City: Enrollment Open for Moving Event Sponsorship Program

The City of El Paso’s Office of Special Events is now accepting applications for the Moving Event Sponsorship Program, with enrollment remaining open throughout the month of May.

The sponsorship program helps fund moving events such as races, walks, parades, bicycle and motorcycle events which require traffic control from the El Paso Police Department or Street and Maintenance services.

The program helps applicants cover City related costs with in-kind sponsorship.

The enrollment period will close on May 31, 2017. Funding for fiscal year 2018 will cover events happening during September 1, 2017, to August 31, 2018.

This year the program has new guidelines, event categories, and applications. In addition, the program is now accepting applications from profit and non-profit events. Applicants must submit a complete application along with all the required documentation before the deadline in order to be considered for funding.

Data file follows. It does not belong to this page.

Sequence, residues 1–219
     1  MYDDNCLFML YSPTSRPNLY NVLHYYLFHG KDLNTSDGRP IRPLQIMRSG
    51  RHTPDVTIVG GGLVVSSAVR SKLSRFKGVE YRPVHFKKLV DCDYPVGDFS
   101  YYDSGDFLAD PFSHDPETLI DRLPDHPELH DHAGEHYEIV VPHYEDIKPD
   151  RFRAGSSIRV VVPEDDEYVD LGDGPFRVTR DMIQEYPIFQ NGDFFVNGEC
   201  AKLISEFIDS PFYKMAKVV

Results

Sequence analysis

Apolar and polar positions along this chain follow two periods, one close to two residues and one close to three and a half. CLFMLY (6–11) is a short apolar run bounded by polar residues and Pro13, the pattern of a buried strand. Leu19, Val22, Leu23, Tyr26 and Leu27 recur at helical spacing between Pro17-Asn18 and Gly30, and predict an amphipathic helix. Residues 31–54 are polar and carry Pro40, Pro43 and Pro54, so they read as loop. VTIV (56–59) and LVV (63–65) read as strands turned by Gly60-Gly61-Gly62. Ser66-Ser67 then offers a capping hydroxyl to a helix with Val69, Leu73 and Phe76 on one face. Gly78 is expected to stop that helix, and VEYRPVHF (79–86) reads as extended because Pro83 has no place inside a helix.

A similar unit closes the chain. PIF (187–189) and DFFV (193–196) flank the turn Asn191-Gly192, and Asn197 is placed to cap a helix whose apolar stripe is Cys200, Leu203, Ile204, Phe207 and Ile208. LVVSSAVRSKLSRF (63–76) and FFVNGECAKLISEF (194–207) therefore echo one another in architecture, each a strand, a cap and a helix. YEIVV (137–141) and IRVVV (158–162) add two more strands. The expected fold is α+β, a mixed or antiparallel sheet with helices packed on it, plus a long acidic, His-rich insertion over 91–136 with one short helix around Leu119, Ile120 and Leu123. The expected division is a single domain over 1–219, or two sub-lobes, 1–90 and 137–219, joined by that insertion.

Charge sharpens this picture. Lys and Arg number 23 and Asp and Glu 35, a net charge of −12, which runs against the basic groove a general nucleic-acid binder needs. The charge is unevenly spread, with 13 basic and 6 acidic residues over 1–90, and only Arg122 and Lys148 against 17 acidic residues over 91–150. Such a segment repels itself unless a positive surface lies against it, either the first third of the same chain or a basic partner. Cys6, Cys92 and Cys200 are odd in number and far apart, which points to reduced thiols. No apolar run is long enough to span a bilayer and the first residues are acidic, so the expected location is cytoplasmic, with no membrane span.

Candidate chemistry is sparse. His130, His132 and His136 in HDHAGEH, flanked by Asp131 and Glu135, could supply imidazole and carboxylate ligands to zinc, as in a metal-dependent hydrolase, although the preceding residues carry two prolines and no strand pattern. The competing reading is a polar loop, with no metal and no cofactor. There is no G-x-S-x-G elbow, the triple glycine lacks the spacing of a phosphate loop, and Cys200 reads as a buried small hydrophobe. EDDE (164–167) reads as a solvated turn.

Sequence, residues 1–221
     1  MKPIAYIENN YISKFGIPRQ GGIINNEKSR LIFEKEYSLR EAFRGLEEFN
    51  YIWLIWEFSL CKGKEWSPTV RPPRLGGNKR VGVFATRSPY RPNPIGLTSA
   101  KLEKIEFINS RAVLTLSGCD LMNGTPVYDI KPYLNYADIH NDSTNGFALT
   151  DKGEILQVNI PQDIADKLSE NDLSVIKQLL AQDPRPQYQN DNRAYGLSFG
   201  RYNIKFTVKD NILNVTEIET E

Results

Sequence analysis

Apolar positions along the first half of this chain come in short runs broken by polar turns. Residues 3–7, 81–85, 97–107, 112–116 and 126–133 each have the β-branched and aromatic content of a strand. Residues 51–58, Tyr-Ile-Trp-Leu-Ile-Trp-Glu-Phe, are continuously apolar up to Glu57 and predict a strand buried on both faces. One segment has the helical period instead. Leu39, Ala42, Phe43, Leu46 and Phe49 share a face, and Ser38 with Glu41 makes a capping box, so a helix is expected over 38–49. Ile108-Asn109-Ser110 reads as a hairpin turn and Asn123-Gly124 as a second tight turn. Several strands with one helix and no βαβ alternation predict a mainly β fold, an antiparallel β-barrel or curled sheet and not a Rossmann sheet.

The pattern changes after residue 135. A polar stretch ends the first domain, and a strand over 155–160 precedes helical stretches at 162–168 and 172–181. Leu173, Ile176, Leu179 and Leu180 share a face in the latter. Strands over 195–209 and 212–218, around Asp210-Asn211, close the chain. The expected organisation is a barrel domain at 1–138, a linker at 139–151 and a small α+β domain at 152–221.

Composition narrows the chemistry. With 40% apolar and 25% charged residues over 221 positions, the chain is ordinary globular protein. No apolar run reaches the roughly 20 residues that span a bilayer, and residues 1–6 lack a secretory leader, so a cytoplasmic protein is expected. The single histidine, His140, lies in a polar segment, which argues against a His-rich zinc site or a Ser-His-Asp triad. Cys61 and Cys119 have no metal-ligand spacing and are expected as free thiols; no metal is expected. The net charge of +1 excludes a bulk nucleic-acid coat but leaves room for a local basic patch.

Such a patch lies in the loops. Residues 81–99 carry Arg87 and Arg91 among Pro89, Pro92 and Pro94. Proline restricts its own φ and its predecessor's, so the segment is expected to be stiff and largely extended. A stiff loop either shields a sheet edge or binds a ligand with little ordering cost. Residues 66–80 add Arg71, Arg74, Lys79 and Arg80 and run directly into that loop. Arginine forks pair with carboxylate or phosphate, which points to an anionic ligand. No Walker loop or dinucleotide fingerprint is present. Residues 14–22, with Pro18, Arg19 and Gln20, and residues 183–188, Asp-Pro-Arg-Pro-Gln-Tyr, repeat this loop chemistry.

For additional information call the office of Special Events at (915) 212-1506. To obtain the applications Click HERE.

Health Foundation Seeks Public Input on the Playa Drain Trail

Earlier this year, the Paso del Norte Health Foundation (PDNHF) announced a partnership with the City of El Paso and El Paso Water to build a linear trail on the Playa Drain from Ascarate Park to Riverside High School.  Now, officials with PDNHF want to meet with the public to discuss and share ideas about the project.